Birds lay fertilized eggs that hatch. Parrots nurse their young, regurgitating food from their crops.
Instead of teeth, parrots have hooked beaks. Their digestive systems also work differently from mammals, as they can’t chew their food, so they swallow it whole.
Food is stored in the crop until the parrot needs it for sustenance. Once it enters the two-chambered stomach, food is pulverized and softened to move it through the body.
In mammals, a muscular diaphragm keeps the lungs and heart separate from the abdominal cavity, and only the left aortic arch persists.
In birds, the right arch persists, and they’re covered in feathers, not fur or hair.
Similarities Between Birds and Mammals
While parrots are more closely linked to reptiles and even dinosaurs, they do share some common traits with mammals, which are described below:
Bones and Organs
The connecting link between birds and mammals is they’re both vertebrates.
This means they have backbones and skeletal systems comprised of bone. A parrot’s skeleton is lighter and hollower, allowing it to take flight and stay in the air.
The fact that mammals and birds are vertebrates is why parrots are often mistaken for mammals. Similarly, parrots have a four-chambered heart like mammals do.
The National Science Foundation describes how the heart is similar between mammals and birds because it ensures the separation of low-pressure circulation to the lungs and high-pressure pumping into the rest of the body.
Parrots are self-aware, so they groom themselves and keep themselves clean. Not only do they groom, but they preen several times a day.
Many parrots pair for life, forming a strong bond with another parrot, only breeding with their chosen partner. However, not all parrots are monogamous.
Similarly, parrots look after their young, protecting them from predators and other dangers. They actively take on the parental role, teaching their young how to forage and care for themselves.
Parrots also show affection to humans. As captive birds, they love interacting with their owners and cuddling up to those they trust. They’ll also attempt to preen their owners once the bond is built.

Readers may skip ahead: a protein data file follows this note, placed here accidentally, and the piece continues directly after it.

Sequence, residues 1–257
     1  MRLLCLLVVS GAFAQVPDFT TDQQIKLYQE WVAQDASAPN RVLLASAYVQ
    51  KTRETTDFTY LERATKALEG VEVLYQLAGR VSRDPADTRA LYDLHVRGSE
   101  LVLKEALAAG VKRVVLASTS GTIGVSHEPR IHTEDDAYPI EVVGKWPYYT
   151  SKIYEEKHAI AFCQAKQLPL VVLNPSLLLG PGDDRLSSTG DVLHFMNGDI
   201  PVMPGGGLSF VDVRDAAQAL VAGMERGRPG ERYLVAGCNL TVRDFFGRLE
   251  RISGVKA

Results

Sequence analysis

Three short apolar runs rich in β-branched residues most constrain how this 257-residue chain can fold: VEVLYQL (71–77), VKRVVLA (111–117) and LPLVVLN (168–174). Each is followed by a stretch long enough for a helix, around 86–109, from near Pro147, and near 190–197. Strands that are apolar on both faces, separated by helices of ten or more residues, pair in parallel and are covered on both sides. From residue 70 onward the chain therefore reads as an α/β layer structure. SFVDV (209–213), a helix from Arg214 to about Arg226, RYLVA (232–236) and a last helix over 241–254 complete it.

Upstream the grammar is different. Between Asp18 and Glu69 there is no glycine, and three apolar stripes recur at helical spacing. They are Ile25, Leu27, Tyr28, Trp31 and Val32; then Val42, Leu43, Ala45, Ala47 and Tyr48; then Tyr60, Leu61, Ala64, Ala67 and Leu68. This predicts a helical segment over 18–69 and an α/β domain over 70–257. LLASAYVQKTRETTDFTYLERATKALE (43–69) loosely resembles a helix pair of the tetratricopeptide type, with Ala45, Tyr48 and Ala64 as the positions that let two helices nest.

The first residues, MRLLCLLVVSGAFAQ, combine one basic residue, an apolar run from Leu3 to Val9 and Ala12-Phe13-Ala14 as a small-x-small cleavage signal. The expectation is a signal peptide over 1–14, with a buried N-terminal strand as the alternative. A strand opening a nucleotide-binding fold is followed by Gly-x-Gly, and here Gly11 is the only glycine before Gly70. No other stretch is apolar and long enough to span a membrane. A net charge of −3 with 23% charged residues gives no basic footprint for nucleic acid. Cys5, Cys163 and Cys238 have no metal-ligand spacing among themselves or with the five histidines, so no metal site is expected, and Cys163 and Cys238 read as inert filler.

According to New Scientist, parrots are clever birds capable of complex cognition. The genes that assist with brain development are similar to those of humans.
Parrots don’t have a neocortex, which is what mammals have to distinguish between right and wrong. However, they have an enlarged brain circuit to compensate.
So, parrots have the brain function to be trained by their owners. They play games and solve simple puzzles, undertaking cognitive tasks that the most intelligent mammals can do.
They can also communicate their desires, add, count, and subtract, and they understand the concept of zero. It’s suggested that a parrot’s cognitive abilities are only inferior to primates and humans.
Do Birds Sleep Like Mammals?
Birds and parrots sleep, but not like mammals, as they go through the non-rapid eye moment and rapid eye moment stages of sleep. But unlike mammals, a parrot’s sleep cycles are shorter.
Parrots also sleep with half of their brain awake. Known as unihemispheric slow-wave sleep, birds can watch out for predators while they’re most vulnerable.
They can control how awake their brain is by opening or closing their eyes.
Parrots sleep in various positions, stand upright on one leg, or hang upside down. As parrots sleep, their down feathers keep them warm by fluffing up and covering their bodies.
Did Mammals Evolve from Birds?
It’s believed that birds first appeared in the fossil record 100 million years ago during the Cretaceous period, while mammals first appeared 225 million years ago during the Jurassic period.
Both birds and mammals evolved from amniotes, a clade of tetrapod vertebrates. Amniotes include synapsids (mammals) and sauropsids (reptiles and birds).
It’s easy to confuse mammals, reptiles, and birds. However, once you know the finer details of their classification, it’s clear how parrots fall into the bird category.